Why Are Moths Attracted To Lights? -- The Real Answer
viceroy at gate.net
Fri Dec 31 09:47:59 EST 1999
Might you want to hear from the scientists before you start running in
circles announcing that the sky is falling?
We have quite a few of them here, and they probably have observed moths
Mind you, I quite agree about the dark skies; had a wonderful starry sky
at St. Simon's. But one man's speculation or observation isn't science.
"Stanley A. Gorodenski" wrote:
> Thanks for the message. I belong to the International Dark Sky
> Association whose purpose is to preserve our dark skies for astronomical
> purposes and for our and our children's esthetic enjoyment by
> eliminating bad and unnecessary outdoor lighting. This organization
> collects information on adverse biological effects of light pollution
> (light that goes up in the air and is otherwise wasted). I will forward
> your message on the potentially adverse effect on moth egg laying cycles
> to this organization.
> Stan Gorodenski
> MyName wrote:
> > I've been meaning to post this for about 10 years now, but for some reason I
> > always forget to share it on the newsgroups. I've told quite a few people but
> > have never posted this publicly, til now.
> > I'd like to set the record straight. Moths do NOT travel towards lights for some
> > navigational purposes. Moths do NOT travel towards lights for some reproductive
> > or food source seeking purposes. Tear out all those useless entries in your
> > science books. And for heaven's sake PLEASE stop teaching these WRONG answers to
> > any students or children you might know.
> > Why do they travel towards lights? Simple (and only answer) -- They want to
> > sleep. (Now _that_ is an answer I can relate to. :-)
> > I used to attract moths to my screened window using a U.V. lamp so that I might
> > photograph them. I would wait until they had settled down to a resting state,
> > then very carefully opened the screen, picked them up, brought them inside,
> > photographed them, then released them outdoors when done. If I jostled them too
> > much they immediately started to shiver to raise their muscle temperatures to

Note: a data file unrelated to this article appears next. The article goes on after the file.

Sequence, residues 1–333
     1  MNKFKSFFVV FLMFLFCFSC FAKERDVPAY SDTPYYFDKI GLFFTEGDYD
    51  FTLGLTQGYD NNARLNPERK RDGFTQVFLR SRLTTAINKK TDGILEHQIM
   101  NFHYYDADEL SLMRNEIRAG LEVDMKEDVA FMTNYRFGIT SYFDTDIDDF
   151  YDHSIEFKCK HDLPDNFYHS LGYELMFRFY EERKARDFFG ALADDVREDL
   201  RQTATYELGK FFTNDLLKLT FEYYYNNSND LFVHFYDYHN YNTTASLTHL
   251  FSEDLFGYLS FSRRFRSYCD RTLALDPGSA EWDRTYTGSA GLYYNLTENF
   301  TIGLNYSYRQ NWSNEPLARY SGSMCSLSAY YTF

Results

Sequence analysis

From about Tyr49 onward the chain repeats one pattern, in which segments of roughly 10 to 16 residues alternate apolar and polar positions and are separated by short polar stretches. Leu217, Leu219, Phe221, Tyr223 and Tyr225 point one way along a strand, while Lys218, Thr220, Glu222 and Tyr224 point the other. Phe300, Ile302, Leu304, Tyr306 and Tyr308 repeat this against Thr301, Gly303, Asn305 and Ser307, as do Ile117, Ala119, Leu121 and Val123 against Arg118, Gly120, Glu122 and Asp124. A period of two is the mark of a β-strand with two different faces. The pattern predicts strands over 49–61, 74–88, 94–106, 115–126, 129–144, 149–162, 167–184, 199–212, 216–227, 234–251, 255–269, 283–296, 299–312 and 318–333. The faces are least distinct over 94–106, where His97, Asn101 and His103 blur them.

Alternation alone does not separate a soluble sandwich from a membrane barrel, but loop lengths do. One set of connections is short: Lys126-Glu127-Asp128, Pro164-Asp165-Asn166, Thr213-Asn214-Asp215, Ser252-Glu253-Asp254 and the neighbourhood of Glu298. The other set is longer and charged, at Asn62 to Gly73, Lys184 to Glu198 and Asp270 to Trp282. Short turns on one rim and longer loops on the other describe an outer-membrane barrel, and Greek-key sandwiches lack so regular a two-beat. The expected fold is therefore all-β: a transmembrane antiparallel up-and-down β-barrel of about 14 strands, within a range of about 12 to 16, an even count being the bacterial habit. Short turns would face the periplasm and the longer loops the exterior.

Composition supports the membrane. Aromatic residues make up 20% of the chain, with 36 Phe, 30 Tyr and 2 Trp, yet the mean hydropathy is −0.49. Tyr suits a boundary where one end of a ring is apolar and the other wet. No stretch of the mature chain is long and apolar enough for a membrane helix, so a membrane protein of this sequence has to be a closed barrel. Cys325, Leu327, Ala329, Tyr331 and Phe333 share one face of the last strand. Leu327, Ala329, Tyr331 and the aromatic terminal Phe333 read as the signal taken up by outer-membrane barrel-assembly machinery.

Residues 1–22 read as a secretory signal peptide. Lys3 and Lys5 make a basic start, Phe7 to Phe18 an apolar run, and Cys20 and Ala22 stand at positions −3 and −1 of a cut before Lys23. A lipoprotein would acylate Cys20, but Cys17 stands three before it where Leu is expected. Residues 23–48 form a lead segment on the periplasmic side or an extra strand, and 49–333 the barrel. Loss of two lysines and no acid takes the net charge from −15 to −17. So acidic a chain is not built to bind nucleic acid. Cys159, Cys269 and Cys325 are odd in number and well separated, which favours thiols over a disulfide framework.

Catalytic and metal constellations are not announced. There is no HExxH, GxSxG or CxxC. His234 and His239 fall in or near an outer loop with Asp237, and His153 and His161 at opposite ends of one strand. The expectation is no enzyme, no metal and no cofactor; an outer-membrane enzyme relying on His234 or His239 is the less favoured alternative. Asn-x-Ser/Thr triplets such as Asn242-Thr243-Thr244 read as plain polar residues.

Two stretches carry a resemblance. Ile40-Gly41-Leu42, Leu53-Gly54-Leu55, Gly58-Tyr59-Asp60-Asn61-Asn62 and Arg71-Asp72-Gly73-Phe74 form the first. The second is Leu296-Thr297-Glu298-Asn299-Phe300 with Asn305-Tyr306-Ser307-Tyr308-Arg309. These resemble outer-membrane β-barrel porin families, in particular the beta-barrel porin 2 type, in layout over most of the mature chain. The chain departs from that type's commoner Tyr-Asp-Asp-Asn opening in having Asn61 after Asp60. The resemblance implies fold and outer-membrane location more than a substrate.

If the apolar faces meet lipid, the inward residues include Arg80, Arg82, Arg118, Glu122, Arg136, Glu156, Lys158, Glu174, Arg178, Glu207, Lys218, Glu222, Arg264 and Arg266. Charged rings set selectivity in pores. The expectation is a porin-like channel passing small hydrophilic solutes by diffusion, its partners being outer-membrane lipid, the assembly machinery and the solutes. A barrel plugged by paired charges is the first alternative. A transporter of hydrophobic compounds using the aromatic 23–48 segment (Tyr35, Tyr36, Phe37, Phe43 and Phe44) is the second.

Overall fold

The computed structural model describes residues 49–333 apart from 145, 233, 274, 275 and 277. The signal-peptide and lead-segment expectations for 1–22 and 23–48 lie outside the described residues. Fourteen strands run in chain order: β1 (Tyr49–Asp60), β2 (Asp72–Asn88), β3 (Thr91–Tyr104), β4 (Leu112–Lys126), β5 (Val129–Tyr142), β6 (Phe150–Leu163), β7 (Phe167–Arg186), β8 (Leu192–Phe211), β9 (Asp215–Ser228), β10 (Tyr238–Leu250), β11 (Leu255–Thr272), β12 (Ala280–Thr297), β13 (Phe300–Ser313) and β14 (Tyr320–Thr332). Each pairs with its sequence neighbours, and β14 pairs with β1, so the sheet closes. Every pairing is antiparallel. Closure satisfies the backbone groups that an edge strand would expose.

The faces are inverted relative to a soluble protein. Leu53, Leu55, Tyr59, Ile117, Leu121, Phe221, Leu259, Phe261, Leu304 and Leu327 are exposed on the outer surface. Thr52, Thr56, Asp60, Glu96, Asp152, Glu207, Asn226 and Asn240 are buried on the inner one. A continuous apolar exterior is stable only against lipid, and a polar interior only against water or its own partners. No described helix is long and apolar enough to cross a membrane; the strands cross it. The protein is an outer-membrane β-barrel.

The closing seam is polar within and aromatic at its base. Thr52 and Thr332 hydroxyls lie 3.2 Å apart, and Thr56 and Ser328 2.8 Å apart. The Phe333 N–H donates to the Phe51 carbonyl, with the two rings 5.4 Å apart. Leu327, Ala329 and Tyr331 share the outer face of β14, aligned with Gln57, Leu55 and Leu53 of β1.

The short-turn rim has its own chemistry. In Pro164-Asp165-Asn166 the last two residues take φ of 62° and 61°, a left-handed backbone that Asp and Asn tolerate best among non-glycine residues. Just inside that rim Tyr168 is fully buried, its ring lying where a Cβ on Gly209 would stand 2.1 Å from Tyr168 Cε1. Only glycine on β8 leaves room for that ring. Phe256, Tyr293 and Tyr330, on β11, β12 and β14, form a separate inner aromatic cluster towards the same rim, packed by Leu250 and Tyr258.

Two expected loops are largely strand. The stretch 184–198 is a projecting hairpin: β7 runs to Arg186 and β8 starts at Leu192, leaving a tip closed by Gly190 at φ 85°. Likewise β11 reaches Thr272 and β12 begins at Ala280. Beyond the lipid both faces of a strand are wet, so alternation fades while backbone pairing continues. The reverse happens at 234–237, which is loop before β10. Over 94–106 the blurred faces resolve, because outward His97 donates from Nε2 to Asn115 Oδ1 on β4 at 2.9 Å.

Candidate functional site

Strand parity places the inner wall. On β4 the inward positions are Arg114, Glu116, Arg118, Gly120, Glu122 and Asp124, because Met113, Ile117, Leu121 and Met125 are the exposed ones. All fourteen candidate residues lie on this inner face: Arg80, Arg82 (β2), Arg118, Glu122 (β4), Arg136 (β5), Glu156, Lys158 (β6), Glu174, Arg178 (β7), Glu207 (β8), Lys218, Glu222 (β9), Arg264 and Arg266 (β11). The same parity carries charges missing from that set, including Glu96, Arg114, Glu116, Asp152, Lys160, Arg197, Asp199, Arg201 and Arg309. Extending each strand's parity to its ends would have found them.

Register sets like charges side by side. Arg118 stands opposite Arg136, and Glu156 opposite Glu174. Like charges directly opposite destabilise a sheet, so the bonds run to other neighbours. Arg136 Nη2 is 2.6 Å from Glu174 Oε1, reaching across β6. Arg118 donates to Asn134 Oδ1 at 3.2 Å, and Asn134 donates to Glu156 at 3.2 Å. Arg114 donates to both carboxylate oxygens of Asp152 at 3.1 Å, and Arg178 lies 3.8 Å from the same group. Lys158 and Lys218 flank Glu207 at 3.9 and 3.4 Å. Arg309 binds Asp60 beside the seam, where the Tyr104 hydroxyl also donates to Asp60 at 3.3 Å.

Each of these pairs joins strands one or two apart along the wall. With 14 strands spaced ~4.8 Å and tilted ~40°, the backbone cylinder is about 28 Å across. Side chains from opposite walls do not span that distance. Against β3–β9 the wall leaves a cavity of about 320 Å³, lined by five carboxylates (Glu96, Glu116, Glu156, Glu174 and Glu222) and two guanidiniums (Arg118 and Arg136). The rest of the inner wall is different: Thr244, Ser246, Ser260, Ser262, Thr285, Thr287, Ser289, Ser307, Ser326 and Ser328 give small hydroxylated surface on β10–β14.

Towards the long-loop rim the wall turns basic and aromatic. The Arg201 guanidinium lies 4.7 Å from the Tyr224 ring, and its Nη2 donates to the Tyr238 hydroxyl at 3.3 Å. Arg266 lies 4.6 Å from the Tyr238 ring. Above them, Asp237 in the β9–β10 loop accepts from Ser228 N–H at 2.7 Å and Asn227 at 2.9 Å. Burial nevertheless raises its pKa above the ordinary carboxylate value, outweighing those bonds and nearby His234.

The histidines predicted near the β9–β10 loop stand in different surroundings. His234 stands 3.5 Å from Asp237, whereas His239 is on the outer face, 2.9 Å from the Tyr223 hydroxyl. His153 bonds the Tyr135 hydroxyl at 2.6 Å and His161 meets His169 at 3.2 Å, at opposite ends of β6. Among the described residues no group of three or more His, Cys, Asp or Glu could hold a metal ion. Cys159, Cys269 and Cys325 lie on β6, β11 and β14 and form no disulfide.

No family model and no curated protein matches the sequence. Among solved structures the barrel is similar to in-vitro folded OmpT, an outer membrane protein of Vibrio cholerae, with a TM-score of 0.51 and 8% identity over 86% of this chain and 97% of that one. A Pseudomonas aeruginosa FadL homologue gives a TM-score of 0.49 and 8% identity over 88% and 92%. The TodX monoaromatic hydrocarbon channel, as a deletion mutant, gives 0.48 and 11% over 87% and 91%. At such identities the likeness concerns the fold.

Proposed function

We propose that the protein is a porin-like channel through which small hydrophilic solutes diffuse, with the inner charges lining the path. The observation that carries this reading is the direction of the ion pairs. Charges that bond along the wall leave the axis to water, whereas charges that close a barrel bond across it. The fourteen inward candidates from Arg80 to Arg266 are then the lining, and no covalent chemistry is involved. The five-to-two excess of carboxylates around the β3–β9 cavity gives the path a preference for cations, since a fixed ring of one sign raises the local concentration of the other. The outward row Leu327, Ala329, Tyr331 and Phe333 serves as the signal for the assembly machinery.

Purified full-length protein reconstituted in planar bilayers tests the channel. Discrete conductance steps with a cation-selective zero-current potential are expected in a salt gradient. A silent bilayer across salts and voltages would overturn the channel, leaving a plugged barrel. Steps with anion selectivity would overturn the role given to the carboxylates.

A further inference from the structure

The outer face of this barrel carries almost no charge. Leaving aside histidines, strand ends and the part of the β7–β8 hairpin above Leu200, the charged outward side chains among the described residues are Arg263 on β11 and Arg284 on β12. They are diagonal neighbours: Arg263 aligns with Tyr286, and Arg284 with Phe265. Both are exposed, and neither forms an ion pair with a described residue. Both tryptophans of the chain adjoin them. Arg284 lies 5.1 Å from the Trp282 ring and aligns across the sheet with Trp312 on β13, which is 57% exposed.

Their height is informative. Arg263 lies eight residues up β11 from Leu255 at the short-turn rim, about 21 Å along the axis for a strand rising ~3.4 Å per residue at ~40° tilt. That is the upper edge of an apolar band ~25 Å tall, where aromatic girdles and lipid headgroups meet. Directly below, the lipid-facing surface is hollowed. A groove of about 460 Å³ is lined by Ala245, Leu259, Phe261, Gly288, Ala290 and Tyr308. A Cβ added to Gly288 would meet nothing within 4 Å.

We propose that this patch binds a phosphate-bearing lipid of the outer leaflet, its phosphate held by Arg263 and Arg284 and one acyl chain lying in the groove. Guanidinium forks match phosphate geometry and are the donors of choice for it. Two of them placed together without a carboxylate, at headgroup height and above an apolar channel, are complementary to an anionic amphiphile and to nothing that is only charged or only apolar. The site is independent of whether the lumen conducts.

> > ready them for flight. I would stop what I was doing, and wait for them to go
> > back into a sleep-state by holding them near a bright light then continue on
> > with my photography.
> > Now you ask, why would they want to sleep? Simple answer: When they are in a
> > sleep cycle they are the most safe from predators. I've noticed that this need
> > to remain camouflaged and still is even more powerful than their need to
> > reproduce. Many (nearly all) species will even forgo finding appropriate food
> > plants to lay their eggs on. Instead they will lay their eggs right on my window
> > screen if I leave the U.V. light on for a period of days. Content to stay
> > there, totally asleep, their eventual egg-laying cycle taking over while
> > sleeping.
> > This finding of mine has some overwhelming consequences. The main one: Light
> > pollution may be doing more harm than we ever thought possible. How many
> > species' (not only moths) mating and egg-laying cycles are being disrupted by
> > light pollution? Could this account for some of the decline in amphibians and
> > other insectivore species world-wide? You can take further possible consequences
> > from there. In order to save our ecosystems it might one day be a mandate to
> > turn off your outdoor lights at night.
> > In any case, I have to lay to rest some of the outmoded and utterly ridiculous
> > myths of why moths go to lights. Hasn't anybody ever stopped to realise that a
> > moth travelling in a straight line by navigation using moon-light or star-light
> > (the usual old theory) would serve ZERO purpose to a moth? Why would travelling
> > in a straight line afford them more food sources or the chance to find a mate?
> > That's just silly. There are no straight lines in nature. Their mates are not
> > lined up like bottles on a fence rail nor are their food supplies.
> > (As with all my discoveries in life, I post this anonymously. The same as I did
> > on a local BBS back in 1980 with my answer to the "chicken vs. egg" koan. Oh,
> > you've not heard that answer? Simple: The only place that mutation can take
> > place is in the egg. Therefore, something "not quite a chicken" laid an egg.
> > That egg, by chance, now had the genetic code to be a "real chicken". The "REAL
> > chicken" egg came first.)
> > Too bad I don't have some academic-shingle sig to tack onto this post to make my
> > finding more acceptable to your linear minds. But I'm just a simple man, a
> > naturalist, watching nature my whole life and seeing how she behaves. This is
> > just one more correct page in the book of "The Nature of Nature" that I have
> > come to know so well.
> > We now return you back to your learned scientists and all the mistakes they have
> > made and taught you in school, lo these many years ...
> > "What does education often do? It makes a straight-cut ditch of a free,
> > meandering brook." -- Henry David Thoreau
> If people knew how hard I had to work to gain my mastery, it wouldn't
> seem wonderful at all. -- Michelangelo
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